- Rename the mdnsNSP.dll to something else (it doesn’t matter what, my preference is for mdnsNSP.turd)
- Delete the aforementioned Bonjour folder from Program Files.
At my recent job interview I was asked to give a presentation on a ridiculously vague subject that essentially amounted to crystal-ball gazing.
In part of it I laid out my tentative predictions for the next 5-10 years of client evolution in education. I posited that the recent explosive growth in the use of netbooks would lead them to be the cornerstone of education workstations in 5 years time.
I also predicted that the mass-marketability of the iPhone would popularise touch interfaces to the point where they became very cheap to mass-produce, and that within the next few years we would a convergence leading to touchscreen netbooks.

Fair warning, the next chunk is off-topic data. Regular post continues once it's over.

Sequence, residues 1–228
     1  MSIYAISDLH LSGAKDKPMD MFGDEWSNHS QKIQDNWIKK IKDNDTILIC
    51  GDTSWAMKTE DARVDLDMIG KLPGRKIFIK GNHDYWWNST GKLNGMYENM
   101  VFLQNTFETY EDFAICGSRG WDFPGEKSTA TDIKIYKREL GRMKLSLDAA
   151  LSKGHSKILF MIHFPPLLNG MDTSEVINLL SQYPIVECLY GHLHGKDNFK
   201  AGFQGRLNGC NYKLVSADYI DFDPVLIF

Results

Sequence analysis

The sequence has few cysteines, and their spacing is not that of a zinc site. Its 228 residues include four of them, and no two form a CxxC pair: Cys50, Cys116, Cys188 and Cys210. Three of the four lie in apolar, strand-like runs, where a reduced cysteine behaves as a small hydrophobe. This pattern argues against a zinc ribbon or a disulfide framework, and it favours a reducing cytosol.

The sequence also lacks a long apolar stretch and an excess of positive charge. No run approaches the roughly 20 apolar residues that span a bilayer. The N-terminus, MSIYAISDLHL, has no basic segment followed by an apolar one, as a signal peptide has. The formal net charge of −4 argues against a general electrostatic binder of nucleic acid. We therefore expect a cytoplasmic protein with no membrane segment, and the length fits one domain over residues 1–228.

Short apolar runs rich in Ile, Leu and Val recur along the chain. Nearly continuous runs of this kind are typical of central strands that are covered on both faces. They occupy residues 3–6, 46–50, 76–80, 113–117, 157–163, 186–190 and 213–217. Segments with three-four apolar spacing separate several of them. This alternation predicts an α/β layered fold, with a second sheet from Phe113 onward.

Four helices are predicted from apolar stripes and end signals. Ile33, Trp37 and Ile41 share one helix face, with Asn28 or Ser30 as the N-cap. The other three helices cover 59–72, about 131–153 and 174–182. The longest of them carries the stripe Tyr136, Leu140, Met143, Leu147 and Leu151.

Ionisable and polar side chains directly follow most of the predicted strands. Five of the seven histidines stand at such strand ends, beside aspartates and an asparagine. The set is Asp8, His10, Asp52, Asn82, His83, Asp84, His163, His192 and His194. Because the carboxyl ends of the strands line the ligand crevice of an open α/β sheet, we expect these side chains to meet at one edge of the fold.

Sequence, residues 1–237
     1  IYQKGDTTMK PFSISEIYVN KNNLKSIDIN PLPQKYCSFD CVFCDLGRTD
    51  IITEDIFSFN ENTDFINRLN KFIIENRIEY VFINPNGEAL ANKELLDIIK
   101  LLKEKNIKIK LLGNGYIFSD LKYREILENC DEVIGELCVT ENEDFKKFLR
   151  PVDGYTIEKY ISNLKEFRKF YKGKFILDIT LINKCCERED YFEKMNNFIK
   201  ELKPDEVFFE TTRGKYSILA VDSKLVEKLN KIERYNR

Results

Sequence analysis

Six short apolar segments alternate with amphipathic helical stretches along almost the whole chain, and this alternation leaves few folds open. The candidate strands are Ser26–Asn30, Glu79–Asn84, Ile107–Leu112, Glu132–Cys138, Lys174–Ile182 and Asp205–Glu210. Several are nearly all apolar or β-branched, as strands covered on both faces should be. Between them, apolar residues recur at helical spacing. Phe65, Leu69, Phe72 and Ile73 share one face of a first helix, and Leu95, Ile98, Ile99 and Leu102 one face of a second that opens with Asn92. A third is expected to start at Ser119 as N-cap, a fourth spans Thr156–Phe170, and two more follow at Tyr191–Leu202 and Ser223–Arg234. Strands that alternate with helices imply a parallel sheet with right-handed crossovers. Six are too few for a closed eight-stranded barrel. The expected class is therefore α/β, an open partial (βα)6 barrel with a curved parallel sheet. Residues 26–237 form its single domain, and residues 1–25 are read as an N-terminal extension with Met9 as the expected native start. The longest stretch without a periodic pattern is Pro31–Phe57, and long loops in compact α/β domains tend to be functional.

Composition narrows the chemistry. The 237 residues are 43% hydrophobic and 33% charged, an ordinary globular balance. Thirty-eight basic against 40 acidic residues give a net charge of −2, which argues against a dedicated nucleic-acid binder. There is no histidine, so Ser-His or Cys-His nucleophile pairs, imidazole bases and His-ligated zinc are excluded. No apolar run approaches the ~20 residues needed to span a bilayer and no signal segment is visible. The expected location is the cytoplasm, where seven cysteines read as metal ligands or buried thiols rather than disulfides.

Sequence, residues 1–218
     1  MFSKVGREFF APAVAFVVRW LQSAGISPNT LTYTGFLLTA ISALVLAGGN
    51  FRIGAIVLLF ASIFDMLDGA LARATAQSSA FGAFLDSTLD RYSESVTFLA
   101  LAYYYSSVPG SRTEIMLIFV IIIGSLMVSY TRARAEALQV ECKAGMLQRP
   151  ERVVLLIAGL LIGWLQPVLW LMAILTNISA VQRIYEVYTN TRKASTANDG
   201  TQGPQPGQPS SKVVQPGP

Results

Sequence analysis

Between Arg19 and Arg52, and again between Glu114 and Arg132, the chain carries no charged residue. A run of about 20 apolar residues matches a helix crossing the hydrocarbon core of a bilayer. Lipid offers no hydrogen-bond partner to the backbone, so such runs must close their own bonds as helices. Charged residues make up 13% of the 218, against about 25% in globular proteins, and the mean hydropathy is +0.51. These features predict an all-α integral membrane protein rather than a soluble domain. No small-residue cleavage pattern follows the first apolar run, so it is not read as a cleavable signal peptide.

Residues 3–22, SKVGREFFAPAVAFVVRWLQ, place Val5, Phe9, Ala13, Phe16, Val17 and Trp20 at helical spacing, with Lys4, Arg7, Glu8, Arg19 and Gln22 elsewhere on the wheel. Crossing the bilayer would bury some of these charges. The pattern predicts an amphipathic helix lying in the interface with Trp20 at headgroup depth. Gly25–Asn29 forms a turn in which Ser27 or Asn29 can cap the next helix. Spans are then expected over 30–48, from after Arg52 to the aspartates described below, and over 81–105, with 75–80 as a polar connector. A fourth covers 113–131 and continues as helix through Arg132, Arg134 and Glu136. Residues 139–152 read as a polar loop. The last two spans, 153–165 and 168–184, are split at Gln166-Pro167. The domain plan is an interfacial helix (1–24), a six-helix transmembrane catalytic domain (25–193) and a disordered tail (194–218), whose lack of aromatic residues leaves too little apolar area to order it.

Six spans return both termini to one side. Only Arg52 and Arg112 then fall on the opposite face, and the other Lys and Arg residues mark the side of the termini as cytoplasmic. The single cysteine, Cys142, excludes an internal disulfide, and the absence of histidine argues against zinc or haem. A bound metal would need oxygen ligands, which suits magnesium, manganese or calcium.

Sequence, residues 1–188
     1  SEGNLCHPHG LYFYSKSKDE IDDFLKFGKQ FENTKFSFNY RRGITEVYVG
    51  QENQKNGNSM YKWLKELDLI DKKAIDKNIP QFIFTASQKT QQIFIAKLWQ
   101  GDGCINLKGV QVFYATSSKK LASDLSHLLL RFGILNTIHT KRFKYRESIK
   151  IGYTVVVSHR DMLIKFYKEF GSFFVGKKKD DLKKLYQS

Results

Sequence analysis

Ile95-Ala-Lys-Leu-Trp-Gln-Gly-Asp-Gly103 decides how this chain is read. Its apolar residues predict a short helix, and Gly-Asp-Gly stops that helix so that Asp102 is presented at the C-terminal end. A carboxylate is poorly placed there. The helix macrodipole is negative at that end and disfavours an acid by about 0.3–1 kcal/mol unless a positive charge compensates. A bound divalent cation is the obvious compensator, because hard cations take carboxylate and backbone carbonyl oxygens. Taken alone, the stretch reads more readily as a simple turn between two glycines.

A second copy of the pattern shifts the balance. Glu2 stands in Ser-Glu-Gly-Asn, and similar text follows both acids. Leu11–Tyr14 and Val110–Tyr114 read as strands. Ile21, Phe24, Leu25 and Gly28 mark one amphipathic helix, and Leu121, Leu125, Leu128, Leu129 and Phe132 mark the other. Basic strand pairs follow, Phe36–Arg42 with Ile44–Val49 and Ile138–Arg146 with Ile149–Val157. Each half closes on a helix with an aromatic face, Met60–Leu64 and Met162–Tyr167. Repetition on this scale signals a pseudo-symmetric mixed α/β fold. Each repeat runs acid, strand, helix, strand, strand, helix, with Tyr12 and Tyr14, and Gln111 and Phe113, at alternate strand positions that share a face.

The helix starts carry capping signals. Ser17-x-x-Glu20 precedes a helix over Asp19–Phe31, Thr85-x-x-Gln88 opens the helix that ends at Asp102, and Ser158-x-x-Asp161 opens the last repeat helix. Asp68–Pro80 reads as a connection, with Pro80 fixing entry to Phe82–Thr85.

Today, Dell put their newest netbook on sale in the US and Europe, the Latitude L2100. It’s specifically designed for the education market.
It has a touch screen.
The touch screen option is just £33 extra.
Apparently we have already reached the point where touchscreens are cheap to mass-produce. I will gleefully say I saw it coming. I did not see it coming this soon. So thanks, Dell, for totally ruining my predictions for the next 5 years. I especially hate you for doing it with a product that is quite clearly very cool.